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What We Must Do ... To Protect Our Children
A CALL TO ACTION BY ANDREW VACHSS

The Difference Between "Sick" and "Evil"

By Andrew Vachss
Originally published in Parade, July 14, 2002

Andrew Vachss, a PARADE Contributing Editor, is a lawyer whose only clients are children. For more than three decades, he has observed the devastating effects of child abuse firsthand. In light of recent headlines, we asked him to share his unique perspective on a subject of grave importance to us all.


The Difference Between 'Sick' and 'Evil' by Andrew Vachss

The shock waves caused by the recent exposures of so-called "pedophile priests" have reverberated throughout America. But beneath our anger and revulsion, a fundamental question pulsates: Are those who abuse their positions of trust to prey upon children—a category certainly not limited to those in religious orders—sick ... or are they evil?

We need the answer to that fundamental question. Because, without the truth, we cannot act. And until we act, nothing will change.

My job is protecting children. It has taken me from big cities to rural outposts, from ghettos to penthouses, and from courtrooms to genocidal battlefields. But whatever the venue, the truth remains constant: Some humans intentionally hurt children. They commit unspeakable acts—for their pleasure, their profit, or both.

Many people who hear of my cases against humans who rape, torture, and package children for sale or rent immediately respond with, "That's sick!" Crimes against children seem so grotesquely abnormal that the most obvious explanation is that the perpetrator must be mentally ill—helpless in the grip of a force beyond his or her control.


The crimes are so unspeakable, many believe that those who commit them must be mentally ill. But that very natural reaction is what prevents us from seeing the truth.

But that very natural reaction has, inadvertently, created a special category of "blameless predator." That confusion of "sick" with "sickening" is the single greatest barrier to our primary biological and ethical mandate: the protection of our children.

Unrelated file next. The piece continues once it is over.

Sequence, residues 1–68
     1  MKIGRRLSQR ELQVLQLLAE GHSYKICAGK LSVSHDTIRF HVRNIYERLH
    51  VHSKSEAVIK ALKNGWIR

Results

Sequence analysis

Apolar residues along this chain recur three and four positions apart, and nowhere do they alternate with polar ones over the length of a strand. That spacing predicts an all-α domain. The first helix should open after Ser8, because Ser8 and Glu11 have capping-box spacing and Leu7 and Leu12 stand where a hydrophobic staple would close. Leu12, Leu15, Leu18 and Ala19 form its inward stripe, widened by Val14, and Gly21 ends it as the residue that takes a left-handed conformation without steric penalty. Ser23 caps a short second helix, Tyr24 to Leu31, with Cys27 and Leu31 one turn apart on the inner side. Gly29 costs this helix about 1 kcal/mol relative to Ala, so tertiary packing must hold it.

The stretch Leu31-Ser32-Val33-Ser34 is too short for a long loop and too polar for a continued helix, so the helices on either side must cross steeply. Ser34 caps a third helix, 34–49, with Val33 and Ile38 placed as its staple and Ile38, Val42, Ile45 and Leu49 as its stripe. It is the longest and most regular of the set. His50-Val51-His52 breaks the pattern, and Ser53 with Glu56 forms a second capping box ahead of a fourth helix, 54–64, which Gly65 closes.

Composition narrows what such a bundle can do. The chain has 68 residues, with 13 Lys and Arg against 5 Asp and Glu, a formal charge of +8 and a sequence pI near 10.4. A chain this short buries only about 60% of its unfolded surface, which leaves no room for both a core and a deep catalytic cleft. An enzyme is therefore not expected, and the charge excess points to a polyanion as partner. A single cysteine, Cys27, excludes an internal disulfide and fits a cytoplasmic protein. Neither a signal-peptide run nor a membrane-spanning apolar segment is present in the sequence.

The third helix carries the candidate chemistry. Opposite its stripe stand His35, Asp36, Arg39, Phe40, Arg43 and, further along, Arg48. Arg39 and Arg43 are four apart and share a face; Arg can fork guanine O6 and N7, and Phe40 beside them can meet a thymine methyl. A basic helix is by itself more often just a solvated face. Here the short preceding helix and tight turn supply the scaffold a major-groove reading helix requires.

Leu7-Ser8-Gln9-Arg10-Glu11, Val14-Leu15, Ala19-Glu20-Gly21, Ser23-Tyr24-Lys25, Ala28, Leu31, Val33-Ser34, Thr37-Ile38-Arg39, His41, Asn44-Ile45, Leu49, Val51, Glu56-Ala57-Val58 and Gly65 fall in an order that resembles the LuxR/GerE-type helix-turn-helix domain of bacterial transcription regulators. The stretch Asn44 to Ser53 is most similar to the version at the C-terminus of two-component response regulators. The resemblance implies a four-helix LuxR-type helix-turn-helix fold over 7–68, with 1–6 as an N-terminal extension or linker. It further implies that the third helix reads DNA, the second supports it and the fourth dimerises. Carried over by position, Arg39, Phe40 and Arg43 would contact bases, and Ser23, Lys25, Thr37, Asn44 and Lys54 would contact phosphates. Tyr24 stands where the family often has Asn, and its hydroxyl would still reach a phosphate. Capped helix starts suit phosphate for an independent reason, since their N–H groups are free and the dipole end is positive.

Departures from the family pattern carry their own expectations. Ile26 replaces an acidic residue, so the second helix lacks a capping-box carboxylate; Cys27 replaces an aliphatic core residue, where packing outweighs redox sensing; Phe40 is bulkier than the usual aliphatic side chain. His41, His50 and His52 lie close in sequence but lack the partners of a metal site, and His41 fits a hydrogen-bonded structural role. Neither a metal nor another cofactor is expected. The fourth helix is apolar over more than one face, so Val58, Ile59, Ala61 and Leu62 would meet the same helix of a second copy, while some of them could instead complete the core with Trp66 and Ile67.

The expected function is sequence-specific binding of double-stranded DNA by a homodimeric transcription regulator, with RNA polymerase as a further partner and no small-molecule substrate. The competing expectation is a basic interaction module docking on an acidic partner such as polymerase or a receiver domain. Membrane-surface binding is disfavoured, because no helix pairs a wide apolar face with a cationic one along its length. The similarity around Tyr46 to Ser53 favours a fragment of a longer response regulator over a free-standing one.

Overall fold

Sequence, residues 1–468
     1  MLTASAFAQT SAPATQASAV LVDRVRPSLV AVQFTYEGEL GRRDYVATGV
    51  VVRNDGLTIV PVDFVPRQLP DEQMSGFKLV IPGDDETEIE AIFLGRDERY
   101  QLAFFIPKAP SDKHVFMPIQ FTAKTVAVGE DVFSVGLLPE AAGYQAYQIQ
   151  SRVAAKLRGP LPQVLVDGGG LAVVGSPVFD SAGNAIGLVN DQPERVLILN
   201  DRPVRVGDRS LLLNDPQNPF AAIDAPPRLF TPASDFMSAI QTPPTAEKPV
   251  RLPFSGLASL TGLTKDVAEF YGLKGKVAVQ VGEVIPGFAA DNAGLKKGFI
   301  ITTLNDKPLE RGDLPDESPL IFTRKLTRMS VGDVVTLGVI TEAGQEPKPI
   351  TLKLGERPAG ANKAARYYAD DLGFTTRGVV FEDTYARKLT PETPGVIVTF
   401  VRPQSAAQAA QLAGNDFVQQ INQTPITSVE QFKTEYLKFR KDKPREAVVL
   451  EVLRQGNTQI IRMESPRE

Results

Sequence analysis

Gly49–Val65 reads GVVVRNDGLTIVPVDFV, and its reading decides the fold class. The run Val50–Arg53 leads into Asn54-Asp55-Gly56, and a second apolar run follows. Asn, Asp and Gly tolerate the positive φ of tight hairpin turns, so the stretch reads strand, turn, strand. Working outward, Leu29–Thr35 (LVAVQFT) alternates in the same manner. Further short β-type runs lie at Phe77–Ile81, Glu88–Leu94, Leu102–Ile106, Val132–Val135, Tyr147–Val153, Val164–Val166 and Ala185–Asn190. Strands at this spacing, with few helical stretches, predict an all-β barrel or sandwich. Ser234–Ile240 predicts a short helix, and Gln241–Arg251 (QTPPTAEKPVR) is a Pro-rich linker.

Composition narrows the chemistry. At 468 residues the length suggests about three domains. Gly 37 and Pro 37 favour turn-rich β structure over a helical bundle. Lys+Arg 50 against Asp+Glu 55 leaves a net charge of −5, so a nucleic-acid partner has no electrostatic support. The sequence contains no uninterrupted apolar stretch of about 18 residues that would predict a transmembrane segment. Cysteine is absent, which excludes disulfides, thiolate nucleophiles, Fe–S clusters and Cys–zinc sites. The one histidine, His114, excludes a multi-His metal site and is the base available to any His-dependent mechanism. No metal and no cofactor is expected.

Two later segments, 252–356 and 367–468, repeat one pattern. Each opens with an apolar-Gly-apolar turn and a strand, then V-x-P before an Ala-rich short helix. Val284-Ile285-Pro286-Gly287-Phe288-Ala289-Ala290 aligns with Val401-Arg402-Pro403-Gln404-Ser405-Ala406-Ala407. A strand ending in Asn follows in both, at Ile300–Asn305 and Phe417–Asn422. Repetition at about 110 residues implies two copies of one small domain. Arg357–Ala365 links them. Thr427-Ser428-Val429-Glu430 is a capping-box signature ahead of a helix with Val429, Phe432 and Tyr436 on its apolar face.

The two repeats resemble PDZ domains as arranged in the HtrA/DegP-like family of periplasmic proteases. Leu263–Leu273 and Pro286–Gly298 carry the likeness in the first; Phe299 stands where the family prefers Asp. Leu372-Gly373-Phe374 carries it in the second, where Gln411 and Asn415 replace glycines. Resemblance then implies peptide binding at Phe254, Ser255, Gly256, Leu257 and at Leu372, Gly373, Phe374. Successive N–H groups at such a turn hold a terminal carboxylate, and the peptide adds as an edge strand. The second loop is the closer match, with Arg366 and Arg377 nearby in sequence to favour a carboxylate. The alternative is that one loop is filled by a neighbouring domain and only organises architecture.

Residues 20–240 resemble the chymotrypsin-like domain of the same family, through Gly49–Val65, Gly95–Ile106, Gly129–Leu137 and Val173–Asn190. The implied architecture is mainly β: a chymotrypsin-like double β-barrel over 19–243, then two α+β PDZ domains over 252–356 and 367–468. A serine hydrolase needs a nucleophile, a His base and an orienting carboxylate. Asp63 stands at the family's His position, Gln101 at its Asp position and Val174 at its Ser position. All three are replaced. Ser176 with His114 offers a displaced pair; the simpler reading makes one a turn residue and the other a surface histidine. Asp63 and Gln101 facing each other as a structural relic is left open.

The difference between sick and evil cannot be dismissed with facile eye-of-the-beholder rhetoric. There are specific criteria we can employ to give us the answers in every case, every time.

Some of those answers are self-evident and beyond dispute: A mother who puts her baby in the oven because she hears voices commanding her to bake the devil out of the child's spirit is sick; and a mother who sells or rents her baby to child pornographers is evil. But most cases of child sexual abuse—especially those whose "nonviolent" perpetrators come from within the child's circle of trust—seem, on their surface, to be far more complex.

That complexity is an illusion. The truth is as simple as it is terrifying:

Sickness is a condition.

Evil is a behavior.

Evil is always a matter of choice. Evil is not thought; it is conduct. And that conduct is always volitional.

And just as evil is always a choice, sickness is always the absence of choice. Sickness happens. Evil is inflicted.

Until we perceive the difference clearly, we will continue to give aid and comfort to our most pernicious enemies. We, as a society, decide whether something is sick or evil. Either decision confers an obligation upon us. Sickness should be treated. Evil must be fought.


For some the question, "Does evil exist?" is philosophical. But for those who've been victimized, there is no question at all.

If a person has desires or fantasies about sexually exploiting children, that individual may be sick. (Indeed, if such desires are disturbing, as opposed to gratifying, to the individual, there may even be a "cure.") But if the individual chooses to act upon those feelings, that conduct is evil. People are not what they think; they are what they do.

Our society distrusts the term "evil." It has an almost biblical ring to it—something we believe in (or not), but never actually understand. We prefer scientific-sounding terms, such as "sociopath." But sociopathy is not a mental condition; it is a specific cluster of behaviors. The diagnosis is only made from actual criminal conduct.

No reputable psychiatrist claims to be able to cure a sociopath—or, for that matter, a predatory pedophile. Even the most optimistic professionals do not aim to change such a person's thoughts and feelings. What they hope is that the predator can learn self-control, leading to a change in behavior.

Such hopes ignore the inescapable fact that the overwhelming majority of those who prey upon children don't want to change their behavior—they want only to minimize the consequences of being caught at it.

In the animal kingdom, there is a food chain—predators and prey. But among humans, there is no such natural order. Among our species, predators select themselves for that role.

Psychology has given us many insights of great value. But it has also clouded our vision with euphemisms. To say a person suffers from the "disease" of pedophilia is to absolve the predator of responsibility for his behavior.

Imagine if an attorney, defending someone accused of committing a dozen holdups, told the jury his poor client was suffering from "armed-robberia." That jury would decide that the only crazy person in the courtroom was the lawyer.